Game Developing 101
Game developers have, in our opinion, one of the best jobs out there. They get to take part in the process of creating entire worlds, creating exciting adventures that become world-famous, and even inspiring movies. They develop games where you can play in an online casino, games where dragons and magic are real, games where you crash onto a foreign planet and have to figure out how to survive.
Game developers or “devs,” as they are commonly known, write the software code that translates concepts into game features that can be played and experienced. These devs have a lot of work on their hands because today when you develop a new game, you need to be sure that it is optimized for all kinds of devices: tablets, phones, consoles, and PCs.
The game development industry is highly competitive; as you can imagine, every company wants the best devs working for them to ensure that the games they release are top-notch and in demand. If you like the sound of being a game developer, then you’ve come to the right place. Here we’ll unpack the skills you need and a little more information about development in general.
Get a Bachelor’s Degree
The base level of education you will need to go into game development is a Bachelor’s Degree. Some developers are savants and do not have any formal training, but they are the exception, not the rule. Four-year degrees offer in-depth scientific grounding that will take you a long way in computer science. If attending college is off the table for you, and it’s ok if it is, think about an online course that offers similar course content.
Ensure the courses that you look at our accredited; you should look at computer science and computer engineering as a jumping-off point. This kind of training is essential in developing your critical thinking and problem-solving skills. Without that education, there’s only a slim chance that you’ll ever make the cut, but there are a few different ways that you can get it.
Math and Physics Skills Are a Must
These will be covered to some degree in whatever kind of course or degree you choose. If these aren’t your strong points, we recommend doing some extra reading or getting a tutor as math and physics are essential skills in the world of game development. You’ll need calculus, trig, and linear algebra to handle animation programming.
Physics will be required to help you grasp concepts like thermodynamics, mass, and inertia. There are lots of insightful videos and courses available online, either free of charge or at a cost-effective rate, to help with this as well.
Software Engineering Skills Won’t Hurt Either
Developers and programmers work in several languages, the most commonly used of these being Java, Python, C++, and C. There are a number of other programming languages that you’ll also need to know to be able to write the code that brings a game to life. Some of these will certainly be part of your degree or course, but you should upskill in all the ones that weren’t covered as a wide array of languages makes you an enticing prospect for any game company.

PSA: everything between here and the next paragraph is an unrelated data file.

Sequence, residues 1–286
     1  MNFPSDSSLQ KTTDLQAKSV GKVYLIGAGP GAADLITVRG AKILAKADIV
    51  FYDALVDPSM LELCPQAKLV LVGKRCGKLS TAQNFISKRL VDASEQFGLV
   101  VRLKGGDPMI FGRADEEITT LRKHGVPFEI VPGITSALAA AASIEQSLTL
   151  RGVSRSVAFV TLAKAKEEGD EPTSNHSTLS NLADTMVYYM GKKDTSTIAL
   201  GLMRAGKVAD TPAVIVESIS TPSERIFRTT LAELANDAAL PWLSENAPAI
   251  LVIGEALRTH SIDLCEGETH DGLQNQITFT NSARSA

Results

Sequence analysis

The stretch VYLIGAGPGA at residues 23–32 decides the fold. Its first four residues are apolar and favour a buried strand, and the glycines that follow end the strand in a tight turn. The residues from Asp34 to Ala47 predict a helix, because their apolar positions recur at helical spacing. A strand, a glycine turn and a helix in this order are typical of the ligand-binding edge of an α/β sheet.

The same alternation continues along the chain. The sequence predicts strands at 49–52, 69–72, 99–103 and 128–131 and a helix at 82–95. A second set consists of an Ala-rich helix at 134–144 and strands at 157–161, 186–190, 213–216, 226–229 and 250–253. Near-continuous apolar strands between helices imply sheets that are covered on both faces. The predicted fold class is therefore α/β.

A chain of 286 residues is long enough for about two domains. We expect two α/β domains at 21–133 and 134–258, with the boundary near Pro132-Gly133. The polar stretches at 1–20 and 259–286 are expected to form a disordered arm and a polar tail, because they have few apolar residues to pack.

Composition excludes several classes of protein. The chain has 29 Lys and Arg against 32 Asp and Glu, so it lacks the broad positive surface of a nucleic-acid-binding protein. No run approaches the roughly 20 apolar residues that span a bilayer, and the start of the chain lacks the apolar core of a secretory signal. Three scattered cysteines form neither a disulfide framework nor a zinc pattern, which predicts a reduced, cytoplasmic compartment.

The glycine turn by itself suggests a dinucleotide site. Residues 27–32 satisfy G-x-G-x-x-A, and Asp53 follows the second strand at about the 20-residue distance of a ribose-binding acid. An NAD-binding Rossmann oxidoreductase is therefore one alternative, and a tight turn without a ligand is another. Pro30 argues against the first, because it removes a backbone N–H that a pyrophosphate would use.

Understanding the ins and outs of server backend implementation is also a must; this can help you keep an eye on changes in systems architecture. These languages and processes do evolve over time, so upskilling will be something you’ll need to do periodically.
Though there’s a lot of technical stuff that you need to be able to move forward in this industry, a game developer is also a storyteller, a creative person. While most studios do have writers, it’s to your benefit to understand the ways that it would make sense for a story to progress.
Gain an understanding of narrative techniques and different types of storylines; this can only add to the quality of your work and may even be the push that a potential employer needs to hire you over another candidate. Game stories are becoming more and more intricate, and the industry needs developers who can grow with that trend.
Build a Portfolio
No one is likely to hire a candidate if they can’t establish what skills the candidate has and how their work looks when completed, are they? Building a portfolio is an integral part of getting hired in any industry, especially one where the proof, as they say, is in the pudding. Start by creating simple games and work your way up to the more complicated stuff.
Take the time you need to build something as well as possible; there’s no rush! Include screenshots of scenes in your games to highlight particular aspects. Don’t forget to add links so that potential employers can try out your creations for themselves.
Start at the Bottom
Getting yourself an entry-level position or an internship (a paid one, of course) is a great way to build your skills and portfolio. Remember that everyone had to start somewhere! Take these opportunities to educate yourself further and become better at your craft.
There are many things that hopefuls must accomplish before they have a chance of becoming fully-fledged game developers, but we know that you’ll be up for the challenge.